MAYOR OF the SUNSET STRIP directed and written by George Hickenlooper, produced by Chris Carter, Greg Little and Tommy Perna, with Rodney Bingenheimer, David Bowie, Cher, Liam Gallagher, Gwen Stefani, Brian Wilson and others. 94 minutes. Caldera Productions. Screening at the Toronto International Film Festival, September 5, 6 pm, at the Uptown 2; September 7, 10:30 am, at the Cumberland 2. Rating: NNNNN
Featuring a non-stop parade of a- list music celebs - Brian Wilson, Cher, Mick Jagger, David Bowie, Chris Martin, Courtney Love and many others - Mayor Of The Sunset Strip doesn't suffer from a lack of star power. In fact, probably the least-known famous person in George Hickenlooper's intriguing documentary probe into the surreal life of influential Los Angeles rock jock Rodney Bingenheimer is Bingenheimer himself.
Equal parts Andy Warhol, John Peel and Peter Pan, Bingenheimer helped create the concept of "alternative music" by consistently breaking new acts on his long-running show at L.A.'s tastemaking radio station KROQ faster than major labels could sign them.
Hickenlooper uses a combination of rock star testimonials, vintage film clips and stills to show that Bingenheimer has been a key player in the rock 'n' roll fame game since the late 60s.
While the stars take turns thanking Bingenheimer for their notoriety, the film shows how little the soft-spoken radio host has profited from his 25 years of star-making.
He lives alone in a cramped bungalow. Despite all his famous acquaintances, we're left with the unsettling feeling that Bingenheimer hasn't got any true friends and is the only one who doesn't know it.
This wasn't the sort of troubling exposé that Bingenheimer envisioned when co-producer Chris Carter, whose former band Dramarama benefited greatly from Bingenheimer's patronage, floated the idea his way.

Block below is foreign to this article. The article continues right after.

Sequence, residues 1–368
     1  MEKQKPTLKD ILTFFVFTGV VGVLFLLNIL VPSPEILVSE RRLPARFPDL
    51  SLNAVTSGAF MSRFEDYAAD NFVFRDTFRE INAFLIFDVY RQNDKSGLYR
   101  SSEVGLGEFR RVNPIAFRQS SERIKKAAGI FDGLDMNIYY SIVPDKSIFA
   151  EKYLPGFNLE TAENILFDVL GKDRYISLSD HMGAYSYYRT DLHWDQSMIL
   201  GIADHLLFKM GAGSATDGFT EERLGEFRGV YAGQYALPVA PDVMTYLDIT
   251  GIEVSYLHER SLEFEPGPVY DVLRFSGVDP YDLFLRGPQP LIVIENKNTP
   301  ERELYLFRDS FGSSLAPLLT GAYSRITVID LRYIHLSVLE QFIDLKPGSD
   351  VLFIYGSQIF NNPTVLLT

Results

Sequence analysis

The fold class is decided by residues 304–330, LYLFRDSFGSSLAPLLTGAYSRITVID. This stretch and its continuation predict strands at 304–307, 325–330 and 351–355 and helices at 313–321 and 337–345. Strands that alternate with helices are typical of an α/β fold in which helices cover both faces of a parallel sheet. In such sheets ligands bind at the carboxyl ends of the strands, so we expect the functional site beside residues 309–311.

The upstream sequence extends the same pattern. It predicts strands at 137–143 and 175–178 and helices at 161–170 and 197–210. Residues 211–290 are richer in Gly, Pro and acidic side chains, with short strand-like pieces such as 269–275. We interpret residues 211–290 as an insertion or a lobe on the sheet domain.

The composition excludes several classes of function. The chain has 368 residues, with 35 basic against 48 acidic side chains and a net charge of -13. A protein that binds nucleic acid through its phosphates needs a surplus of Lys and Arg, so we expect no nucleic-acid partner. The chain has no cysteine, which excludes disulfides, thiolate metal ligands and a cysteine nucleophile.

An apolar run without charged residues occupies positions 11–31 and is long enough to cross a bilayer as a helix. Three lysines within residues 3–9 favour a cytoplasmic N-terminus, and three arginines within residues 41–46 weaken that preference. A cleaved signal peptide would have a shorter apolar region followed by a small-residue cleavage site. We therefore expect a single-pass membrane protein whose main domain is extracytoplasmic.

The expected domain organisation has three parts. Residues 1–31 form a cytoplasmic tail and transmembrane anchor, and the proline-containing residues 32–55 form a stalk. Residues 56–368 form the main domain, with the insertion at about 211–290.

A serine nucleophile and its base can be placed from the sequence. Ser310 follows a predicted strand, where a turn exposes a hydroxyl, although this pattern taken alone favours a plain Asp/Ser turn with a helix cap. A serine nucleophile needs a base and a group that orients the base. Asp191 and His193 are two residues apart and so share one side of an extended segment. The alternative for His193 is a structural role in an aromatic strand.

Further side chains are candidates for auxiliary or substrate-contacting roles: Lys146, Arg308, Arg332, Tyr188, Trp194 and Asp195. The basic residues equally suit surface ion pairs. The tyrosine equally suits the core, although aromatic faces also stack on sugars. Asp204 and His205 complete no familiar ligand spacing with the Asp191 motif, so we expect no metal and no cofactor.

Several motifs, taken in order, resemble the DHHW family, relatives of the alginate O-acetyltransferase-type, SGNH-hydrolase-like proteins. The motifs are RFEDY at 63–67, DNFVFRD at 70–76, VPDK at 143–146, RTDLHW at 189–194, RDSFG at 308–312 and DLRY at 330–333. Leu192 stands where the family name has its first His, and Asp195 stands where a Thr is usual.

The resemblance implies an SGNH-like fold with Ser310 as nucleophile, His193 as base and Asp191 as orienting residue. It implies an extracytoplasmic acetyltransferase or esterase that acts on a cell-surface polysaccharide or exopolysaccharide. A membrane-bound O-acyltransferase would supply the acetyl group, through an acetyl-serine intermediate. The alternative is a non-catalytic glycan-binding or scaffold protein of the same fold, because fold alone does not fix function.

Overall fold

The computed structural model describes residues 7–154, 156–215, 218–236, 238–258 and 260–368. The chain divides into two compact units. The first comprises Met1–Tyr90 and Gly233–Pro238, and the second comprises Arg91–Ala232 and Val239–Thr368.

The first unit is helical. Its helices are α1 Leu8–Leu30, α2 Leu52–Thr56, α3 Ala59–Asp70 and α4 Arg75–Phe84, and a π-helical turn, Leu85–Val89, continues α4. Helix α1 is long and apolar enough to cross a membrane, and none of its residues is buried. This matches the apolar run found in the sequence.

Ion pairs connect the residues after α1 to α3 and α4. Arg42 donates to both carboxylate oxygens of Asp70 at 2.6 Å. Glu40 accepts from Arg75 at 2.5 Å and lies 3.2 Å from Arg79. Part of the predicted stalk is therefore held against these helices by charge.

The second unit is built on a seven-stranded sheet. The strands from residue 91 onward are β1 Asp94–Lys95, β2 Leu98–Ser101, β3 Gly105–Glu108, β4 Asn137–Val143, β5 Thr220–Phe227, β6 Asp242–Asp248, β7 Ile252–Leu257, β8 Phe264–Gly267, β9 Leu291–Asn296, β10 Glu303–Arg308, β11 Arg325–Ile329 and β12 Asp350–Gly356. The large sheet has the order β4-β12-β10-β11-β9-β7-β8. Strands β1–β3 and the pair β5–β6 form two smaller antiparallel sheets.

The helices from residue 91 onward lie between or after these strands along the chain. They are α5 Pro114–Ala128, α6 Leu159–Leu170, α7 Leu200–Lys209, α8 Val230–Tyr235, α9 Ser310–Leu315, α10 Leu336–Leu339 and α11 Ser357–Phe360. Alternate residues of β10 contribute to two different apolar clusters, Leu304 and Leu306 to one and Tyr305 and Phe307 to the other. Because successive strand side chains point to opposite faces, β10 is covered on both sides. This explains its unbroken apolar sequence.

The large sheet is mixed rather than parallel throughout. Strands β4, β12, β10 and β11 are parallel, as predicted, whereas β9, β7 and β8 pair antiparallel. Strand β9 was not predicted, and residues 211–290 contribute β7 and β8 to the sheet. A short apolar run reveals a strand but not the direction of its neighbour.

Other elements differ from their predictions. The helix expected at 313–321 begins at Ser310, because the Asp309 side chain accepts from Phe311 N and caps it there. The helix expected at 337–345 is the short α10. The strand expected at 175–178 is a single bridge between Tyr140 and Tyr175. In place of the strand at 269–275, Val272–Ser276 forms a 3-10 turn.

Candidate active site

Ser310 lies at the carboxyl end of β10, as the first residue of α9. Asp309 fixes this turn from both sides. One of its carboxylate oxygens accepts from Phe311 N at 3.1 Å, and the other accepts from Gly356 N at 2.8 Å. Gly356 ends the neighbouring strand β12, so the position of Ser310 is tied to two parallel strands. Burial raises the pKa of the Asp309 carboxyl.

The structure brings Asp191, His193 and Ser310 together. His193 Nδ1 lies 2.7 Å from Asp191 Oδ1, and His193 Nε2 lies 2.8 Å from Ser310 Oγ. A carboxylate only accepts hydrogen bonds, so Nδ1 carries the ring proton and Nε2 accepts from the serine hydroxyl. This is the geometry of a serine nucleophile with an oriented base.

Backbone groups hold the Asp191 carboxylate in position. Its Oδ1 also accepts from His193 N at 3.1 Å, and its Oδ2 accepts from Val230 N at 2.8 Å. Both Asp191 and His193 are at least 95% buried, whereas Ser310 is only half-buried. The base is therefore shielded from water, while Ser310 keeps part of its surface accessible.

"I thought the film was going to focus more on the bands I discovered and the music I play on my show," insists Bingenheimer from his Los Angeles home. "The director made the film the way he wanted to do it. I wasn't allowed to see any of the footage while the film was being made until after it was completed, and I didn't have final approval on what was done."
Hickenlooper shot over 180 hours of raw footage that had to be sifted through and then edited into the breezy 94-minute version that's being shown at the Toronto International Film Festival.
Some of the most entertaining moments are the neatly spliced Zelig-like sequences that have Bingenheimer popping up at unlikely points in music history. There's Bingenheimer next to John Lennon onstage in Toronto, hanging with the Beach Boys, miming onstage with Blondie or acting as Davy Jones's twin brother in an episode of the Monkees TV series.
There would've been more interview footage if Bingenheimer had had his way.
"There was lot of stuff left out, and I'm bummed out about that. Many of the interviews with the newer bands like the Vines and Donnas didn't make it.
"And it would've been good to have more of people like Brian Wilson telling stories. There's a good one about me being at the studio during the Smile sessions. Hopefully, that stuff will be on the DVD."
At times, Hickenlooper's digging into Bingenheimer's relationship with his parents gets uncomfortable, particularly when we're made aware that the film is being shot while the DJ is grieving the loss of his mother.
Too bad Hickenlooper didn't delve deeper into how Bingenheimer's role at KROQ is being marginalized. That would have been a way of confronting the larger issue of corporate control of the airwaves and the Clear Channel-ization of the music industry.
Bingenheimer is the last of a dying breed of DJs who still program their own shows based on personal taste. Will Mayor Of The Sunset Strip change his life?
"I dunno. Maybe more people will send me their CDs to play. You know, I'm the only person at KROQ who still plays CDs. Everything else is computerized.
"I don't even own a computer."